The Dogs Are Eating Them Now: Our War in Afghanistan
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With a new foreword by the author,The Dogs are Eating Them Now is a highly personal narrative of our war in Afghanistan and how it went dangerously wrong. Written by a respected and fearless former foreign correspondent who has won multiple awards for his journalism (including an Emmy for the video series "Talking with the Taliban") this is a gripping account of modern warfare that takes you into back alleys, cockpits, and prisons –telling stories that would have endangered his life had he published this book while still working as a journalist. Smith was not simply embedded with the military: he operated independently and at great personal risk to report from inside the war, and the heroes of his story are the translators, guides, and ordinary citizens who helped him find the truth. They revealed sad, absurd, touching stories that provide the key to understanding why the mission failed to deliver peace and democracy.
From the corruption of law enforcement agents and the tribal nature of the local power structure to the economics of the drug trade and the frequent blunders of foreign troops, this is the no-holds-barred story from a leading expert on the insurgency. Smith draws on his unmatched compassion and a rare ability to cut through the noise and see the broader truths to give us a bold and candid look at the Taliban's continued influence–and at the mistakes, catastrophes, and ultimate failure of the West's best intentions. And with the American retreat from Afghanistan in 2016 still a point of contention, there has never been a more urgent need for a comprehensive and intelligent look at our war in Afghanistan.
said. That day, and the next, and the next, the troops stayed on the fringes of the valley and watched the pyrotechnics of aircraft and artillery strikes. The soldiers woke before dawn every morning and waited for the order to attack, but it seemed the new plan was still being formulated at higher levels. The Taliban sometimes poked out from among the trees and fired toward the armoured vehicles, but the skirmishes didn’t amount to much. I got so comfortable on the front lines that I made the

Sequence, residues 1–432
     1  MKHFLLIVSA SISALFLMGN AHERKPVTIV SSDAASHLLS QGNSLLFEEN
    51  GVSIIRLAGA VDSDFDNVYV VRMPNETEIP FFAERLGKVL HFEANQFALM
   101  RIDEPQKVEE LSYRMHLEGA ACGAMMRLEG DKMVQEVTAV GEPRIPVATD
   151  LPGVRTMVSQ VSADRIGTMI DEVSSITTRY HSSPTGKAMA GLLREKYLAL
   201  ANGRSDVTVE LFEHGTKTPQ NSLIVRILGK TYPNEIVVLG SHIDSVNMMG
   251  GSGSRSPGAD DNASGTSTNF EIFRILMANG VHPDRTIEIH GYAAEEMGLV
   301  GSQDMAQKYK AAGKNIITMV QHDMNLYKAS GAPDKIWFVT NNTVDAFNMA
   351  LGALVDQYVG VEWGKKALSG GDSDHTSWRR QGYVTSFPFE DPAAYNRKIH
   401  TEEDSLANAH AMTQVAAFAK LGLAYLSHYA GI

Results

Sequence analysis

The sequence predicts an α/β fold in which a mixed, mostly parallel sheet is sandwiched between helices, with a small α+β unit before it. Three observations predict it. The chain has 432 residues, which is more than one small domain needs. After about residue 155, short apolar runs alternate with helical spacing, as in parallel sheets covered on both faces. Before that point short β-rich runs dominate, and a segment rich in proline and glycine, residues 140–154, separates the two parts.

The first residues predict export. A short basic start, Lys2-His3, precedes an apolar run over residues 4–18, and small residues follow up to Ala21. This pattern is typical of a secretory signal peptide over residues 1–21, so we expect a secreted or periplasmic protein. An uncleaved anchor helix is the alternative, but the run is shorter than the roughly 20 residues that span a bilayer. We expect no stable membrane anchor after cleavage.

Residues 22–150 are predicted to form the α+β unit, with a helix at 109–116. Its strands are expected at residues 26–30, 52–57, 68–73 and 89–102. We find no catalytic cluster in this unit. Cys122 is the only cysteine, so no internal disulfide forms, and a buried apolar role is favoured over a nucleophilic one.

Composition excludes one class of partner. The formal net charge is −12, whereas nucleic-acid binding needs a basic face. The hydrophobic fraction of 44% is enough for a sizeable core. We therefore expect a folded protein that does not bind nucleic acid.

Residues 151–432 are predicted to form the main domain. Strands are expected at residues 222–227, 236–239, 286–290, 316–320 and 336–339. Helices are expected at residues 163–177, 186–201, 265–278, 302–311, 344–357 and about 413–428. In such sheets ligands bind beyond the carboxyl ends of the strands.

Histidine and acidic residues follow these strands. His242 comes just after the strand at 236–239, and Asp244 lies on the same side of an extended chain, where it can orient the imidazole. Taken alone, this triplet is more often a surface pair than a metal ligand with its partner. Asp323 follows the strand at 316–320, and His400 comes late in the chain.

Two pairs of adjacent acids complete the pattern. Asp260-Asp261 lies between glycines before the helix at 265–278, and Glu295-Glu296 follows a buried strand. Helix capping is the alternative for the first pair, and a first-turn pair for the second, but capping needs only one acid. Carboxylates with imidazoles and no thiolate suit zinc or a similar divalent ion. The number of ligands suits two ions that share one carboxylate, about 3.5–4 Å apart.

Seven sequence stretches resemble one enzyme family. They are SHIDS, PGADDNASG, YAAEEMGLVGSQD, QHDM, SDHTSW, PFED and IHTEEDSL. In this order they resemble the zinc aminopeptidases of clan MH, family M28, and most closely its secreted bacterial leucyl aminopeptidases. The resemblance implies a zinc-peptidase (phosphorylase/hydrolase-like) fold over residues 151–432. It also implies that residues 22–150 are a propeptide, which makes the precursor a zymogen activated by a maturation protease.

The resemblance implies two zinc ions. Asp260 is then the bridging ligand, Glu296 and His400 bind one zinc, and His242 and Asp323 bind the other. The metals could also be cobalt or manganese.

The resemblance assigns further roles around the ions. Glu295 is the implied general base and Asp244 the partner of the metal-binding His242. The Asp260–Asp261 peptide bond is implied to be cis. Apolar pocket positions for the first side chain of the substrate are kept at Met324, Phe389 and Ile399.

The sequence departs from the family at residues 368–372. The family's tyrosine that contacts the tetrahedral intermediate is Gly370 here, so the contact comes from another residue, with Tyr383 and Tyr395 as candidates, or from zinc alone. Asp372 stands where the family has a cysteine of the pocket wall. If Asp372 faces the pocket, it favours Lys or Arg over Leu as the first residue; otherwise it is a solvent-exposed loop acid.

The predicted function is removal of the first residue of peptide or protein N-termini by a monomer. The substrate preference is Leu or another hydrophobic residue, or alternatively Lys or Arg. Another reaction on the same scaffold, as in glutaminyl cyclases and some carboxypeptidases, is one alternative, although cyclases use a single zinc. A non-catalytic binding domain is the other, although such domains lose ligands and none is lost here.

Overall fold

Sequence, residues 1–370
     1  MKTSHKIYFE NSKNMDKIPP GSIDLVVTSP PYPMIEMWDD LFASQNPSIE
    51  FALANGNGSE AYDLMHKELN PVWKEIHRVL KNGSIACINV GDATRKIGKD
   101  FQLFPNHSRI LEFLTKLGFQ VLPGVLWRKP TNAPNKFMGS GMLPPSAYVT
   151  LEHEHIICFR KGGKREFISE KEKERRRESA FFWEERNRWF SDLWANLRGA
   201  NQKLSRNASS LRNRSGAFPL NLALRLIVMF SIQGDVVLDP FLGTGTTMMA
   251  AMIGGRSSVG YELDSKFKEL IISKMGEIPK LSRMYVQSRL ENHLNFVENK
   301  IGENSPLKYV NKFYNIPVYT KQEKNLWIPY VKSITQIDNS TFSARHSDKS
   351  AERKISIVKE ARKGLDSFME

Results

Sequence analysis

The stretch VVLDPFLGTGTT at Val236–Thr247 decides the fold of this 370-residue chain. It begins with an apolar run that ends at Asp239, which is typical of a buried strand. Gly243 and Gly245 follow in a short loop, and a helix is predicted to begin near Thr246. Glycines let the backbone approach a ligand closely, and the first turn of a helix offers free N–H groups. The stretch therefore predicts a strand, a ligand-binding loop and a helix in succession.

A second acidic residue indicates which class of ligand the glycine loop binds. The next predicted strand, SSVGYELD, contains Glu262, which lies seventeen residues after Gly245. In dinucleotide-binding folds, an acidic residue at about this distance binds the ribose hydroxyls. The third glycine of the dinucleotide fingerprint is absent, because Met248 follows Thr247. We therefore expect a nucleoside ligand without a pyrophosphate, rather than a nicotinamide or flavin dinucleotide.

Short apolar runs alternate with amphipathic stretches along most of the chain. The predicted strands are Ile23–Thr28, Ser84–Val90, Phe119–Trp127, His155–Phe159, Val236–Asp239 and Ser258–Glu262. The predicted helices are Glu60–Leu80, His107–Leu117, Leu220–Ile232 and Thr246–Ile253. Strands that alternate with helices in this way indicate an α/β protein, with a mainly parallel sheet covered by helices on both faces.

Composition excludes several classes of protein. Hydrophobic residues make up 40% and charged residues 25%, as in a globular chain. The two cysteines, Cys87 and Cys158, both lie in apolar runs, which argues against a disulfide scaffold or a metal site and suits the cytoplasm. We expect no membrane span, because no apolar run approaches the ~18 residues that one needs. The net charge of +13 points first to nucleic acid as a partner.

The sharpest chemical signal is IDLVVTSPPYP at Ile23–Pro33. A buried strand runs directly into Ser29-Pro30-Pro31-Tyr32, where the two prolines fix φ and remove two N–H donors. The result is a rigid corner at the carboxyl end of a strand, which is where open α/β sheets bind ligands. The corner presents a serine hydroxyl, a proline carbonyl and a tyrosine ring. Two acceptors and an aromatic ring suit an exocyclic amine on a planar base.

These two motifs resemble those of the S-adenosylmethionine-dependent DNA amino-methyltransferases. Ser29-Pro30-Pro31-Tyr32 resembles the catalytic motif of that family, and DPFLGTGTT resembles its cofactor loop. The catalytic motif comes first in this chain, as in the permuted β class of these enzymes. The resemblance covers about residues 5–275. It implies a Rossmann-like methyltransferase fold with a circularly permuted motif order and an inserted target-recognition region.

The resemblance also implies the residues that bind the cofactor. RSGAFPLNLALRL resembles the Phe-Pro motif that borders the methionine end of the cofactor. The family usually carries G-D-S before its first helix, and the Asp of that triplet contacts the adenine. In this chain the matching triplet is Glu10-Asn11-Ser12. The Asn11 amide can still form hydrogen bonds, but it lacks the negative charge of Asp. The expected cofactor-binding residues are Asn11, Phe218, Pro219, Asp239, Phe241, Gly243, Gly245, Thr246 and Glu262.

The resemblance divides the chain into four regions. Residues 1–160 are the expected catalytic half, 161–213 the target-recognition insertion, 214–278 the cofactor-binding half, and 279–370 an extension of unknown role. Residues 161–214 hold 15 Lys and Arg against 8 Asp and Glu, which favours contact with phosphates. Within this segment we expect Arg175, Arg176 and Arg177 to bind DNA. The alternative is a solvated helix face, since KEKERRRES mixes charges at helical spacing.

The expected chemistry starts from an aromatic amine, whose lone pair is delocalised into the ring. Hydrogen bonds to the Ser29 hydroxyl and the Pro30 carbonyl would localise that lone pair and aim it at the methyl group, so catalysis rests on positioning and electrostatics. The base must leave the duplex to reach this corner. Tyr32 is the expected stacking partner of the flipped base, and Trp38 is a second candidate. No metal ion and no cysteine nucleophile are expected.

this wasn’t good for his career, describing NATO’s triumph as the killing of farmers with legitimate grievances. But he continued anyway: “I recently saw the report where they listed the names of the so-called Taliban commanders. Among them, knowing this area more or less—not all of them, of course, but some of them—I saw they are not Taliban. They were listed by internationals because internationals were informed by the local [Afghan] administration. And still we have the people who are trying
whether the villager who offered you tea secretly worked for the insurgents. Even when shooting at you, they rarely showed more than a muzzle flash. Every day brought new warnings: two suicide bombers planning to hit military convoys; no, scratch that, five bombers going after UN installations; no, forget it, today you should watch for jihadists posing as taxi drivers. Many of these warnings mentioned Kandahar’s most common vehicle, the white Toyota Corolla, so every car on the road seemed like a
and rolled under the seats as the smuggler crawled slowly along the gravel roads of the base, carefully observing the speed limit to avoid the military police. Life settled into a new routine in the aftermath of the raid on my office. I spent most nights at the military base, often venturing into the city for research in the daytime. But passing between those two worlds on a regular basis sometimes felt jarring, as if crossing between parallel universes, and my sense of discomfort would only
The Afghans did the opposite, bailing out of their pickup trucks and charging forward. Two of the Afghan soldiers had been wounded, and many others had miraculously avoided injury when an anti-tank mortar slammed into their tailgate—the mortar was a dud, fortunately, and the impact only shattered a rear window. This narrow escape seemed to embolden the local troops, who advanced to a ditch and looked back at the retreating British with scorn. Despite the Afghans’ bravery, it was the British who